The fate of the US economy depends on the course of the pandemic and the Covid-19 vaccine rollout.

But the outlook is nonetheless "highly uncertain," Federal Reserve Chair Jerome Powell said last night. 

"A resurgence in recent months of Covid-19 cases, hospitalisations and deaths is causing great hardship for millions of Americans and weighing on economic activity and job creation," he said.

He said government spending programmes have helped support the economy, but the US needs to recover at least nine million jobs to reach the goal of full employment. 

"Overall economic activity remains below its level before the pandemic, and the path ahead remains highly uncertain," Powell told reporters.  

He spoke after the central bank's policy-setting Federal Open Market Committee held its first meeting of 2021 and pledged to keep borrowing rates low until employment has recovered. 

It was the first meeting under the presidency of Joe Biden, who took office last week and said defeating the Covid-19 pandemic and pushing through a $1.9 trillion economic rescue plan are his top priorities. 

"Support from fiscal policy will help households and businesses weather the downturn as well as limit lasting damage to the economy that could impede the recovery," the Fed chief said.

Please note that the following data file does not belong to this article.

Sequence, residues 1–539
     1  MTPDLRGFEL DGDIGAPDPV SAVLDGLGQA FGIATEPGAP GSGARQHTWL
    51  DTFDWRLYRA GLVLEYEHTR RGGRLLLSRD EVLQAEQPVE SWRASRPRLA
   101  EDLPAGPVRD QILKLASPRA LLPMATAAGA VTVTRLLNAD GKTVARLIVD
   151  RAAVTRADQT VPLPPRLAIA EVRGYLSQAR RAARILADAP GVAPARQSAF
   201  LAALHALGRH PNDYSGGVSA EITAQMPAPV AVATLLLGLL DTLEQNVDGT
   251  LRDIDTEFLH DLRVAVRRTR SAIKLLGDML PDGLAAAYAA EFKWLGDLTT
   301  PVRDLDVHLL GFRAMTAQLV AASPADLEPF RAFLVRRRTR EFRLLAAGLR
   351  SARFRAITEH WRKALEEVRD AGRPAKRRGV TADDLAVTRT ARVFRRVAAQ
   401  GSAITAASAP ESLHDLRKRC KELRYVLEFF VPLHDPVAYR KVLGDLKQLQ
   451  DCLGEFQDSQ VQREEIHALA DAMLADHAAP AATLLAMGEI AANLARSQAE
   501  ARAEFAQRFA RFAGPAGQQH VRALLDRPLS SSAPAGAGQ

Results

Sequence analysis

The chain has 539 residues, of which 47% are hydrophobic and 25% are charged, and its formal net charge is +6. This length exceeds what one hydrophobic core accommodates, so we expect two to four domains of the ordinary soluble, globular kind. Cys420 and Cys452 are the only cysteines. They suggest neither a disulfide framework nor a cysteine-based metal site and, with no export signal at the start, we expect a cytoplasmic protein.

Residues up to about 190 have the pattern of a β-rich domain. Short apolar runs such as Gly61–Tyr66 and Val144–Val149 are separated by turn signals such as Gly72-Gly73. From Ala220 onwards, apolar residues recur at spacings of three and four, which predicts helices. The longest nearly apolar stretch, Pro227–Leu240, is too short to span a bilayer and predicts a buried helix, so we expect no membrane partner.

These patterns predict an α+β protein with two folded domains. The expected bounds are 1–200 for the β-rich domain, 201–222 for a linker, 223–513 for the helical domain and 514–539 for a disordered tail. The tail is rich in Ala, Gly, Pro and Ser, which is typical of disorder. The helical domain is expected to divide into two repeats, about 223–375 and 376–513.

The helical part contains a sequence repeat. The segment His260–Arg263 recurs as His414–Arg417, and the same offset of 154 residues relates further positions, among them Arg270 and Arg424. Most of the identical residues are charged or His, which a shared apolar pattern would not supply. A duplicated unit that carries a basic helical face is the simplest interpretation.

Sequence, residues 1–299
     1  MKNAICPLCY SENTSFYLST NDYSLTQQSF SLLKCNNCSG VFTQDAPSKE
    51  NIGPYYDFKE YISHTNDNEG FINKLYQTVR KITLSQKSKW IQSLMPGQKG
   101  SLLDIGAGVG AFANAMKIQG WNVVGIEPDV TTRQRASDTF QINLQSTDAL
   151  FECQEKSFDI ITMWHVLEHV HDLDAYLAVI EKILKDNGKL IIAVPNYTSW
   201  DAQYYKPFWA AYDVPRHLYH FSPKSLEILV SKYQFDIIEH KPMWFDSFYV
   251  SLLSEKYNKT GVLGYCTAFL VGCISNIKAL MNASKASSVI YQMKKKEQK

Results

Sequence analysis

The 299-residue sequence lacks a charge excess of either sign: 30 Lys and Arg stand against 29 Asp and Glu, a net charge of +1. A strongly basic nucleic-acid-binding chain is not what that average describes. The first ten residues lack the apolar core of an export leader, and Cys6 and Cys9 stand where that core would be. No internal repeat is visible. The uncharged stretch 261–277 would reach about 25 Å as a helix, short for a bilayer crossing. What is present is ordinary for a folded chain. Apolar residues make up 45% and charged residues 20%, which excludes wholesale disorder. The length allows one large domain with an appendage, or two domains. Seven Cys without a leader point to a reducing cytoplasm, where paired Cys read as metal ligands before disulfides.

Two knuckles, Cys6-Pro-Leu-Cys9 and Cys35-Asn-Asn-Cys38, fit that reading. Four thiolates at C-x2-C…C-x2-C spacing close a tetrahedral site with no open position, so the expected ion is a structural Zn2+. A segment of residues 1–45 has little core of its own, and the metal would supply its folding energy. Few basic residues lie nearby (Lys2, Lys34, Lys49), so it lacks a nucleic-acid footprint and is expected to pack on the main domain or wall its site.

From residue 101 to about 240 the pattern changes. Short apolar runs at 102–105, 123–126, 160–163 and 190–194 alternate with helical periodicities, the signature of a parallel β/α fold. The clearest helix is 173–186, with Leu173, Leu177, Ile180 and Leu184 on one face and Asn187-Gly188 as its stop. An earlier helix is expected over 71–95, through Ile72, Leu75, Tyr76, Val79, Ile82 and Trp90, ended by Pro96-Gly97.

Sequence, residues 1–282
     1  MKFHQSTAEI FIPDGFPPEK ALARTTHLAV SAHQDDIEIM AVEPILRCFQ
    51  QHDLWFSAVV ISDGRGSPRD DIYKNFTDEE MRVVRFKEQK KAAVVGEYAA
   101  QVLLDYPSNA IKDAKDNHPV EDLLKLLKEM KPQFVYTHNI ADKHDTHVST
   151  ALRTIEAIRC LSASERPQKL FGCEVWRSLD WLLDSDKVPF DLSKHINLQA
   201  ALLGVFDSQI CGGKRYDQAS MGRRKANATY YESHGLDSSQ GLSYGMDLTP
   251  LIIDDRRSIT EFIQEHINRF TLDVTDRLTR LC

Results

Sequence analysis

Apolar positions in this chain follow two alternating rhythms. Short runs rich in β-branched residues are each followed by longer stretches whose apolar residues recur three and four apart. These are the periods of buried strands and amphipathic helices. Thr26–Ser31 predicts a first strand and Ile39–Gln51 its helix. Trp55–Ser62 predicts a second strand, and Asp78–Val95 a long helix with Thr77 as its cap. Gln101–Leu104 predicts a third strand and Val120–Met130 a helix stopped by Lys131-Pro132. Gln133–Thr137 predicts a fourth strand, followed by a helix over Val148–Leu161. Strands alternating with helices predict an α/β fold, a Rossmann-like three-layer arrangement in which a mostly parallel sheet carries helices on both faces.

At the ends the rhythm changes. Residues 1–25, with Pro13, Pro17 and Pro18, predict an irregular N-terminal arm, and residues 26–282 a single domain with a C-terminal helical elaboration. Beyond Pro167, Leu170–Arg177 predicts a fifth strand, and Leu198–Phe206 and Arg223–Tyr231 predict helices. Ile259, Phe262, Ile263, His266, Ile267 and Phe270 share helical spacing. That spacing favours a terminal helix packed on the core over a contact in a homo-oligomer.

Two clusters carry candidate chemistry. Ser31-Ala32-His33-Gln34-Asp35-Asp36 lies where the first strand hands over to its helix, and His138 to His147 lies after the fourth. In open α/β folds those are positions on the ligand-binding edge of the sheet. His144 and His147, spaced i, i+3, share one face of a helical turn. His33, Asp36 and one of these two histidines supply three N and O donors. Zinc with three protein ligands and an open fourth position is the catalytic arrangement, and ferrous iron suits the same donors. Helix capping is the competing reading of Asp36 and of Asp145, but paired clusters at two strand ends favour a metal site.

He also said he was "absolutely sure" he would be able to work well with newly-installed US Treasury Secretary Janet Yellen, who was his predecessor as Fed chair and will lead the charge in pushing Biden's stimulus plan through Congress. 

After the coronavirus pandemic derailed the world's largest economy, unemployment surged from a near record low of 3.4% to nearly 15%, before ending last year at 6.7%. 

However, Powell said the pandemic drove huge numbers of people out of the workforce, which means "the real unemployment rate is close to 10%." 

As the economy grapples with the world's worst coronavirus outbreak, optimism about vaccines has raised hopes that activity can return to normal soon. 

But there also have been some setbacks in vaccine distribution and supply, and the FOMC said the course of the recovery will depend "significantly" on the virus and those treatments. 

Powell, who said he has received the first of two shots for his Covid-19 vaccine, cautioned that it will be "a struggle" to get enough people injected to achieve herd immunity.

After the US, like other countries, saw a resurgence of infections late last year, the FOMC noted that the recovery had "moderated in recent months, with weakness concentrated in the sectors most adversely affected by the pandemic." 

The Fed again pledged to keep the benchmark lending rate low until the economy achieves "full employment," in keeping with its new policy stance. 

Even before the pandemic struck, US inflation was muted and since then has fallen far below the Fed's 2% target.

That prompted the bank to shift its focus to helping the labour market recover, while accepting higher inflation for a while once the economy begins to grow more strongly. 

Powell acknowledged that some prices might spike as sectors are able to return to normal, but those transitory effects would not be overly concerning. 

The Fed also committed to keeping its asset purchases at the pace of at least $120 billion a month, and Powell said it is far too soon to even discuss the possibility of tapering the bond buying programme.